Lia Kincaid, illegitimate daughter of the Duke of York, comes from a long line of notorious women. Raised by her grandmother, formerly mistress to the late Marquess of Lendale, she has little hope of a respectable marriage. But the new Marquess, her childhood friend, Jack Easton, would make a very desirable protector . . . if he weren’t too honorable to take her to bed.It s bad enough being saddled with a title he never desired. Now Jack must resist the beautiful woman he desires far too much. Duty calls, and he is duty-bound to choose a wealthy bride. But then Lia makes another outrageous suggestion: asking Jack to devise some tests to find her the perfect paramour. Tests that involve flirting, kissing, and other pleasurable pursuits. Tests that, in a matter of weeks, could transform friendship into the ton s greatest scandal, igniting a passion even duty can t deny. . .
“Trying to set me up as a courtesan is rather drastic,” Lia said. “I’m not you or Mama. I’m not a patch on either of you.”
“Nonsense. You’ve grown into a stunning young woman. With a little help from me and some financial support, you could very well take London by storm.”
There were so many things wrong with that plan that Lia didn’t know where to start. “I have another idea, Gran, and I’m convinced it’s the best one we could possibly come up with.”
Her grandmother had been reaching to replenish her teacup, but her hand halted in midair. “I’m listening.”
“I’ll join Mama’s acting troupe. They’re looking for new company members now that they’re in London. Mama said so in her last letter. And I’m sure I could live with Mama and Mr. Lester in their town house in Kensington.”
Her grandmother regarded her with a dubious air. “Unfortunately, there are a number of critical drawbacks to that plan.”
“You can’t sing, dance, or act.”
That was rather a low blow. “I’m not much of a singer, I grant you. But I’m sure I can learn to dance, and you know very well I can act.”
Lia had been playacting for as long as she could remember and had often dreamed girlish dreams of following in her mother’s famous footsteps. She’d put on any number of recitations for her grandmother and his lordship over the years and had staged skits and little dramas for the servants, often with help from the kitchen maids and footmen. Granny and Lord Lendale had often told her that she was as fine an actress as Mrs. Siddons.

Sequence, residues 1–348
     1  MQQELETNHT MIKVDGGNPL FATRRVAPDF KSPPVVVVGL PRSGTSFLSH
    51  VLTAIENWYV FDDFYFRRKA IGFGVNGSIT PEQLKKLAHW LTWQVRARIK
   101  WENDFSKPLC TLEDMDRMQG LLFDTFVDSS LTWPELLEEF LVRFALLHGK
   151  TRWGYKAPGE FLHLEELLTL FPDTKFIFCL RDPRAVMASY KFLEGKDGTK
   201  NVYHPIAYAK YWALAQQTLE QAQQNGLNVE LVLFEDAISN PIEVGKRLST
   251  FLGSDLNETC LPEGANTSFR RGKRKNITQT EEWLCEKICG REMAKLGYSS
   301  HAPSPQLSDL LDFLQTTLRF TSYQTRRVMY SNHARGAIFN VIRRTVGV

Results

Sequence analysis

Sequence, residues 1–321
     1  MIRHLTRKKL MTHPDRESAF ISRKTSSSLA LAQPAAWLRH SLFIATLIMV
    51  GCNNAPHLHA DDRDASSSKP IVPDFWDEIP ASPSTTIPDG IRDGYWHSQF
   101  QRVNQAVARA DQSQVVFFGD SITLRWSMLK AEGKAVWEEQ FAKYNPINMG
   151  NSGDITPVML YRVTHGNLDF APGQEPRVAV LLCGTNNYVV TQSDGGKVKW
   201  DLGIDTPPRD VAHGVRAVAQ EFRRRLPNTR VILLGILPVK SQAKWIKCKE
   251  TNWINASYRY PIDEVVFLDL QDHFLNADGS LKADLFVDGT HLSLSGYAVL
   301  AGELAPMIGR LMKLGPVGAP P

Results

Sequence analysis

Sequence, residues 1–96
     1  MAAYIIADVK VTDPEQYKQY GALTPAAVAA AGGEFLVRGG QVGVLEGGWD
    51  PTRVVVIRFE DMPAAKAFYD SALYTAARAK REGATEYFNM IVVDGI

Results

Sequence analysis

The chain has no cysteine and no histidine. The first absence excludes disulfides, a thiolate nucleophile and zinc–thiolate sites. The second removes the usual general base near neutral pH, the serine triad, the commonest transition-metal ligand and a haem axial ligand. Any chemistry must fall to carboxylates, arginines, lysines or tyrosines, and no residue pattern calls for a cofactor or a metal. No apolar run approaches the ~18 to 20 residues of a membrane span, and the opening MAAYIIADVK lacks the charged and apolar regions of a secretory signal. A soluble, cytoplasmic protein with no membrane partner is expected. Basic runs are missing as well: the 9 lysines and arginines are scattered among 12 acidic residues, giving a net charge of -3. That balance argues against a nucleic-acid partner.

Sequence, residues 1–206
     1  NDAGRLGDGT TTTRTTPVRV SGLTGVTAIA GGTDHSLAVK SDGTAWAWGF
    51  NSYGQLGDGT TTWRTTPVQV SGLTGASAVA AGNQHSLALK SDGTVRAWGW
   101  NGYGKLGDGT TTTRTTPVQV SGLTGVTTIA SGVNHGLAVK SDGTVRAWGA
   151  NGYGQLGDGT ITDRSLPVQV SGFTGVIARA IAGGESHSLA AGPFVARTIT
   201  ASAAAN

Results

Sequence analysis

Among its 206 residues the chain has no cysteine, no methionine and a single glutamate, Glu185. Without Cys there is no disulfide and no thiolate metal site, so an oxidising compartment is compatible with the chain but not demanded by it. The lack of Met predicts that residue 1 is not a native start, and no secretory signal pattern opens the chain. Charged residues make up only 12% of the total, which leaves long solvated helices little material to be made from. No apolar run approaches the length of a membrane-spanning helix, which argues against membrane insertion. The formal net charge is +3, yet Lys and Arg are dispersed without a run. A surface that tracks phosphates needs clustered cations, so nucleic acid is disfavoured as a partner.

“My darling, the truth is you’re a dreadful actress,” her grandmother said in a patient tone.
“But you and his lordship were always so enthusiastic about my performances,” she protested.
“Because we didn’t want to hurt your feelings.”
“But what about the amateur theatricals I put on up at the house? The servants all seemed to think I was splendid.”
Her grandmother rolled her eyes.
She couldn’t help feeling daunted, but she had no intention of conceding—especially if the alternative was to become the next Notorious Kincaid. Lia was convinced she’d make an utter fool of herself as a courtesan, especially because her heart wouldn’t be in it.
“I don’t care what you say,” she said. “I’m writing to Mama tonight and telling her I’m coming to London. I can at least try out the notion on her and Mr. Lester and see what they say.”
Her grandmother seemed to waver for a moment, but then she grimaced. “I feel certain your mother will not be amenable to you taking up the theatrical life.”
“But she will be amenable to me becoming someone’s mistress?” Lia asked with disbelief.
Granny starched up. “It was good enough for me, was it not?”
“Look how well that’s turned out.”
“I’m sure under certain conditions your mother will agree to this plan,” Granny said, clearly determined to ignore Lia’s objections.
“And what are those conditions?”
“That won’t become entirely clear until I’ve had a chance to speak with Jack.”
Lia’s mind blanked for a few moments. “What in heaven’s name does Jack have to do with me becoming a courtesan?”
Granny’s eyebrows lifted with delicate incredulity. “Because you’re feeling a little squeamish about this plan, I think he should be your first.”
Lia got a very bad feeling—which was something, considering how alarming the entire discussion had been thus far. “First what?” she asked, praying she had misunderstood.
“Your first lover, of course. But only if I can persuade him to agree to our terms.”
After reading My Fair Princess , I was anxious to find out Charles’s BFF Jack’s story–and I’m happy to say, seeing him as the star of his own story made me love him even more. (Though OMG, could he wait any longer to tell Lia those three magic words? Men! Fortunately he knows how to bring an excellent ending, which makes up for much.)
I enjoyed Lia too, though her idea of becoming a courtesan/seeking a protector–which on a certain level seems to make a teensy bit of sense, but would have made her absolutely miserable which everyone who knows her realizes (except her mother and grandmother, argh) goes on for waaaaaaaaaay to long, which was frustrating. Ms. Kelly gave her a powerful experience to show her the error of her thinking, though, and, like Jack, she helps to bring together the awesome ending when it counts.
Once again the secondary characters are a lot of fun, both those who have had their own books already and those who will hopefully have them in the future. In all, I can’t wait to see where this series goes next!
Rating: 4 stars / B+
I voluntarily reviewed an Advance Reader Copy of this book.
Vanessa Kelly is a USA Today Bestselling, award-winning author who was named by Booklist, the review journal of the American Library Association, as one of the “New Stars of Historical Romance.” Her Regency-set historical romances have been nominated for awards in a number of contests, and her second book, Sex and The Single Earl, won the prestigious Maggie Medallion for Best Historical Romance.